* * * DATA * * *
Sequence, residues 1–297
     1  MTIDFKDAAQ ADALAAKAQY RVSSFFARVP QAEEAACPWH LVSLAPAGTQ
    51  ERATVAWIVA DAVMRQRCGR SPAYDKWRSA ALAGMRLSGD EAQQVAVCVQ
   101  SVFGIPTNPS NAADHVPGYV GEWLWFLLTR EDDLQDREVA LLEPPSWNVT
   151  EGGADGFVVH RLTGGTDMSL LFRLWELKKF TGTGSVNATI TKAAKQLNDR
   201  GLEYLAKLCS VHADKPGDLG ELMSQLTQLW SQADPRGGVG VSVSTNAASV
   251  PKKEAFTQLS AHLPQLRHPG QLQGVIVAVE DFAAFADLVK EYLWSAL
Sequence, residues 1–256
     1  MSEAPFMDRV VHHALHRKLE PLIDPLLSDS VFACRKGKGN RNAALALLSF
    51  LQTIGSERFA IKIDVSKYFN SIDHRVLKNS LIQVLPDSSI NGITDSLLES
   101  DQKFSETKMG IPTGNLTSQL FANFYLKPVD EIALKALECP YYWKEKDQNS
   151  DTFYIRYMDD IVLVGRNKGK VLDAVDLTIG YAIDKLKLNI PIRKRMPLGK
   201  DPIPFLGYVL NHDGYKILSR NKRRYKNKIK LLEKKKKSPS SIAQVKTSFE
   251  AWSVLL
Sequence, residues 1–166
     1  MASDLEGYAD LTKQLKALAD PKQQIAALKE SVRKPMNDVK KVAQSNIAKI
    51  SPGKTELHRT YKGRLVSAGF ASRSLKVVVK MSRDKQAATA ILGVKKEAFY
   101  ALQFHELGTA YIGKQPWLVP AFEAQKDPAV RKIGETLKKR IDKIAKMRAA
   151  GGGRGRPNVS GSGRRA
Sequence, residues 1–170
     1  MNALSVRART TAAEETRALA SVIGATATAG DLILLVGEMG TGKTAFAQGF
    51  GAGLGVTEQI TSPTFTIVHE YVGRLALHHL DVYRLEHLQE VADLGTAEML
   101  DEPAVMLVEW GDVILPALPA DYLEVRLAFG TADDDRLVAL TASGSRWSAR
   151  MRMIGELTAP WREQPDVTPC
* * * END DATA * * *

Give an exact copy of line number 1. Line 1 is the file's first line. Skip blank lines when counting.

Sequence, residues 1–297